The present study was conducted to evaluate the efficacy of percutaneous renal revascularization in resistant hypertension patients. In the present study, 45.2% were males. Adel et al.[24] and Gonçalves et al.[30] reported 66.7% and 56.5% of the male patients, respectively, of resistant hypertension in their studies.

In the present study, mean SBP and DBP at 6-month follow-up were significantly less as compared to baseline SBP and DBP. Gonçalves et al. reported SBP 176.9 (±30.3) and 134.8 (±28.1) before and after, respectively, and DBP 98.0 (±16.6) and 83.1 (±8.5) before and after, respectively, which was statistically significant (P < 0.001).[30] Corriere et al. reported that there was a statistically significant decrease in mean SBP (161.3 ± 25.2 vs. 148.5 ± 25.2 postintervention, P < 0.0001) and DBP (78.6 ± 13.3 vs. 72.5 ± 13.5 postintervention, P < 0.0001).[31] Adel et al. reported SBP 189 ± 27 and 178 ± 27 before stenting and after stenting, respectively, and DBP 113.5 ± 24.2 and 97.2 ± 16.2 before stenting and after stenting, respectively.[24] The above findings are comparable to our study.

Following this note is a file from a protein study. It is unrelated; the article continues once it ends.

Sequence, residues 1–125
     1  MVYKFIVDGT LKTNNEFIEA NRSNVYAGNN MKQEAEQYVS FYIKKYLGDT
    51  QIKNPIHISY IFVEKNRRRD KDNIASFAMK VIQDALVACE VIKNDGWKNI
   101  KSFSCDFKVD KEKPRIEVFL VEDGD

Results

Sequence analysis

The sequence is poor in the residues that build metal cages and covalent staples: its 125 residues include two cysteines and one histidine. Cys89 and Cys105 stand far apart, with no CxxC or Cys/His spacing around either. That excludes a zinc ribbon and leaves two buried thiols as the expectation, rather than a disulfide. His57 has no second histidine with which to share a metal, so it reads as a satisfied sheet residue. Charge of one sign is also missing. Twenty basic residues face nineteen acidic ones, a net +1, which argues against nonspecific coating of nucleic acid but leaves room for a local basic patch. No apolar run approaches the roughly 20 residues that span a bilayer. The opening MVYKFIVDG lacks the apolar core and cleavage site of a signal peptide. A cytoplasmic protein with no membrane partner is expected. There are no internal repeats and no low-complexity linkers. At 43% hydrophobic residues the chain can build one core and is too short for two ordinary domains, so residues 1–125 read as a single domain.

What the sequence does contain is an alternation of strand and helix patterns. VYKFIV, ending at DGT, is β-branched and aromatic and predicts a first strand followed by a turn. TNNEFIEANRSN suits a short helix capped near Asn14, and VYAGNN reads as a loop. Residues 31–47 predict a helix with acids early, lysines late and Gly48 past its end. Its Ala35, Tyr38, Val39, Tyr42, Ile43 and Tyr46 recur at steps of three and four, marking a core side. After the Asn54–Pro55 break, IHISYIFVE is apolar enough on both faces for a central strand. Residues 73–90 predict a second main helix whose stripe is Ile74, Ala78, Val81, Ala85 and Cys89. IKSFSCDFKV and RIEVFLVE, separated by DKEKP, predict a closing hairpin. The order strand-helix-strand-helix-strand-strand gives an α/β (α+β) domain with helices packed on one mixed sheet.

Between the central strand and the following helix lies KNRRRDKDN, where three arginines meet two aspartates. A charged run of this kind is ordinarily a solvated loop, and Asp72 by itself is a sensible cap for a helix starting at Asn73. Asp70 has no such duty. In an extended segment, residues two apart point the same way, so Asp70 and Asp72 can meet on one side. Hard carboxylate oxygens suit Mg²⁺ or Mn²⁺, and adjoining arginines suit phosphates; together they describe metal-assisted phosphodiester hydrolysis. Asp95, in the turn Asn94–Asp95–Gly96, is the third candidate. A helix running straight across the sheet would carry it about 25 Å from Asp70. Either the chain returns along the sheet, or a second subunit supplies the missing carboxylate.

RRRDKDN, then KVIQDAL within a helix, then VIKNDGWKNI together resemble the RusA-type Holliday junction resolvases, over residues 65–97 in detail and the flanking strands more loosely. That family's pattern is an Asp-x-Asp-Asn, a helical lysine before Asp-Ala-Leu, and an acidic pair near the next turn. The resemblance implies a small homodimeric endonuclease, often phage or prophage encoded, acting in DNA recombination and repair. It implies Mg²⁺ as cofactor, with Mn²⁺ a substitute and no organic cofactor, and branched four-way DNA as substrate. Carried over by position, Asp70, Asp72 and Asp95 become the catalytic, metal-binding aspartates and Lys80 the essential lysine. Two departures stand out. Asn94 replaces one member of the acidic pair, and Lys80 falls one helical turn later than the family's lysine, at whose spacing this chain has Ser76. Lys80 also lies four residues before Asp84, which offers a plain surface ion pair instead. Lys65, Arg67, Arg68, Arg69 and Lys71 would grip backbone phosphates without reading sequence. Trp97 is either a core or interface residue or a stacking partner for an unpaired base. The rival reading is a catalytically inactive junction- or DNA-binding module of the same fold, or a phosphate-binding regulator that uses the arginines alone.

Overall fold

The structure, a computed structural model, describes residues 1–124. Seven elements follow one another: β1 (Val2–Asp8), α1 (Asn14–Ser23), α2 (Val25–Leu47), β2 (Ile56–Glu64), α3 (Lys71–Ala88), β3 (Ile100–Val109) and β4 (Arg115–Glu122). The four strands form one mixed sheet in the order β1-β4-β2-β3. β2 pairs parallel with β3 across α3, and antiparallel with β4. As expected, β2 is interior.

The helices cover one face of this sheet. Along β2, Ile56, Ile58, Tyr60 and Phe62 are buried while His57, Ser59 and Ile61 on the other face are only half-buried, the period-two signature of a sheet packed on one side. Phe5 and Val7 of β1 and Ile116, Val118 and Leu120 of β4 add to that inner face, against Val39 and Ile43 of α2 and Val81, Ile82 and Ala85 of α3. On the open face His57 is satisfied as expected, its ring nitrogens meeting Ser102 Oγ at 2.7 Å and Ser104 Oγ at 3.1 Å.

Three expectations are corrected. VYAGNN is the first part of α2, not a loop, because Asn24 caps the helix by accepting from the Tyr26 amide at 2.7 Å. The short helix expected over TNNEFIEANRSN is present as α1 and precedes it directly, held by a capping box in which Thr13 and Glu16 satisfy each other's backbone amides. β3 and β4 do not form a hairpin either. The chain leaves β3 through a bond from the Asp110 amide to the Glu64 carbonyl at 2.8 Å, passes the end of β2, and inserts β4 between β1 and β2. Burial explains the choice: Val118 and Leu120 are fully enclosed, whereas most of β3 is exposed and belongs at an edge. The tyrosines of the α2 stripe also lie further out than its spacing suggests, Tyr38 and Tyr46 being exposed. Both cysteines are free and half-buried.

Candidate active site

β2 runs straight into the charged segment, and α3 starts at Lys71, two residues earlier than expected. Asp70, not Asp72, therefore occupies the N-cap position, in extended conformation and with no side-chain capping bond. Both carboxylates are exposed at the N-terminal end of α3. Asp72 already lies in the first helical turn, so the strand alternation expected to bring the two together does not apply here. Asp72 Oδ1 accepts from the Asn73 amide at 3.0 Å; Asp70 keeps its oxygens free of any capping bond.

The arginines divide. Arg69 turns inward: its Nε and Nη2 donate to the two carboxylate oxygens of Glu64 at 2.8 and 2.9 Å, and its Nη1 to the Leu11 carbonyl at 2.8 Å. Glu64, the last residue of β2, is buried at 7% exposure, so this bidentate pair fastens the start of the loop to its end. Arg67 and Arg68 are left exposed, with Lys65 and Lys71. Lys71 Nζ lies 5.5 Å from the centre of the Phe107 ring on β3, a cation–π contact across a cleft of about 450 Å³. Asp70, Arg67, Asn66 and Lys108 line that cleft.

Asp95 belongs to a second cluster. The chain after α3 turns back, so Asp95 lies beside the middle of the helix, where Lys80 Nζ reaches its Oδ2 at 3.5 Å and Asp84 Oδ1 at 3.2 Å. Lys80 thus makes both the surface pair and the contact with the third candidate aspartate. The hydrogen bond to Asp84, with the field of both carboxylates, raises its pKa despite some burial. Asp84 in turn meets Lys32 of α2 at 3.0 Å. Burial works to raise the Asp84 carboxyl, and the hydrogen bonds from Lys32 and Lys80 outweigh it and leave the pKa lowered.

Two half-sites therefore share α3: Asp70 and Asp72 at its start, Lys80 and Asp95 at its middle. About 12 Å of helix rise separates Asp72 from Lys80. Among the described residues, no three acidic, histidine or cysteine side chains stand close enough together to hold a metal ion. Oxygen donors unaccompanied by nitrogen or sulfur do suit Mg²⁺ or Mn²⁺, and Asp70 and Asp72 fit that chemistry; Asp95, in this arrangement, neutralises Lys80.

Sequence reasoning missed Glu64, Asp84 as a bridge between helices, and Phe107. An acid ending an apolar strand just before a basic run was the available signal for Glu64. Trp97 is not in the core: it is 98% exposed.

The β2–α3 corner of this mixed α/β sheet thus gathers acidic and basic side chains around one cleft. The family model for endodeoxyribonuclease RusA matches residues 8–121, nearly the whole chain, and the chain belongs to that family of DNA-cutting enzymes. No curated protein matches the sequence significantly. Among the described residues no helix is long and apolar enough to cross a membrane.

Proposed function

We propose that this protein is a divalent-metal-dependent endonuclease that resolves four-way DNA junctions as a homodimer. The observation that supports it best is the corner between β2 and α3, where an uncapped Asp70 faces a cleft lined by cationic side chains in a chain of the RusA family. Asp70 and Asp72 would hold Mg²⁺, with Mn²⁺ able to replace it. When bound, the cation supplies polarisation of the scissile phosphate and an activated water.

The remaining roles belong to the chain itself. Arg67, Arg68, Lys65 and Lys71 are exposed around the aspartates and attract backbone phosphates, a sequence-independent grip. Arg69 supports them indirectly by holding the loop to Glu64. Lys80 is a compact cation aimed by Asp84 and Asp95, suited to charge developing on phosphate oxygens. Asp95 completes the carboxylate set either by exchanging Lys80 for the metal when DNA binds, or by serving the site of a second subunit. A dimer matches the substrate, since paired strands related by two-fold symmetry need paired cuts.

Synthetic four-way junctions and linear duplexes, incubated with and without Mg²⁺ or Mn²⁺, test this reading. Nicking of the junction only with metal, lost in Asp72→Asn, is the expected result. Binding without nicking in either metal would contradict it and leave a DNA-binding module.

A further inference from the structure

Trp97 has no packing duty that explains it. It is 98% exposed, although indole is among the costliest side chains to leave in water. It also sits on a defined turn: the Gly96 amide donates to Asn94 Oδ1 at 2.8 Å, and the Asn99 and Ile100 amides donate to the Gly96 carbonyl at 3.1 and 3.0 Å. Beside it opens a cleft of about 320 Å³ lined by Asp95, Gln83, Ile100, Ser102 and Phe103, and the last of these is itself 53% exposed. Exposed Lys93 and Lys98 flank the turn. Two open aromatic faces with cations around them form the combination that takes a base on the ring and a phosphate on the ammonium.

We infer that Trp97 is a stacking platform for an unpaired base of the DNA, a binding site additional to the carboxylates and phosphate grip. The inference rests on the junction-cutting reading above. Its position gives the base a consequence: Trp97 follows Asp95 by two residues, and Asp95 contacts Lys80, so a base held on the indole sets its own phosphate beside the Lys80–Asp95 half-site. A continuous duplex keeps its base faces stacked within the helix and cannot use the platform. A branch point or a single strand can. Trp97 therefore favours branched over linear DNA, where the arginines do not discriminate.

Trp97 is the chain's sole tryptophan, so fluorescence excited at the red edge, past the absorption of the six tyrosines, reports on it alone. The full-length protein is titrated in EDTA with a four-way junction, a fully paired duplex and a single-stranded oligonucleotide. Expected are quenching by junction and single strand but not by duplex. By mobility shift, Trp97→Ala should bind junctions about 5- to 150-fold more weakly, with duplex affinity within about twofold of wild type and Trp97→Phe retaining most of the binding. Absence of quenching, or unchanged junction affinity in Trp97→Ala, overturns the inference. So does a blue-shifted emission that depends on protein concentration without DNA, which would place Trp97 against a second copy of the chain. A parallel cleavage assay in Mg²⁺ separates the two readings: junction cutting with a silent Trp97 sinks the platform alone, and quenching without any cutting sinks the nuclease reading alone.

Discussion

Plouin et al. carried out a prospective randomized multicenter trial in France to compare changes in BP levels of groups of individuals undergoing drug therapy (control group) and angioplasty plus drug therapy (angioplasty group) within a period of 6 months. BP level measurements between randomization and the end of follow-up did not differ significantly between the groups. Six patients in the angioplasty group and none in the control group were off antihypertensive medications at the time of follow-up. The number of doses of antihypertensive drugs in the angioplasty group was also lower than in the control group.[32] Webster et al. performed a prospective randomized multicenter study in the United Kingdom to evaluate the effects of renal artery angioplasty versus drug therapy on BP control. One hundred and thirty-five patients with hypertension and atherosclerotic renal artery stenosis (ARAS) were selected and 55 were randomized. BP values dropped consistently in all the groups. Patients with bilateral ARAS did not have statistically significant different BP levels versus patients on drug therapy 6 months into follow-up. However, the last set of tests revealed that patients with bilateral stenosis submitted to angioplasty had statistically significant lower SBP levels.[33] A randomized trial by van Jaarsveld et al. was carried in 26 centers in The Netherlands. One hundred and six patients with renal artery stenosis were selected (unilateral or bilateral stenosis greater than 50%) to undergo balloon angioplasty without stenting (56 patients) or receive drug therapy alone (50 patients). The primary endpoint was SBP and DBP in the 3rd and 12th months after randomization. SBP and DBP levels in the 3rd and 12th months were not significantly different between the groups.[34]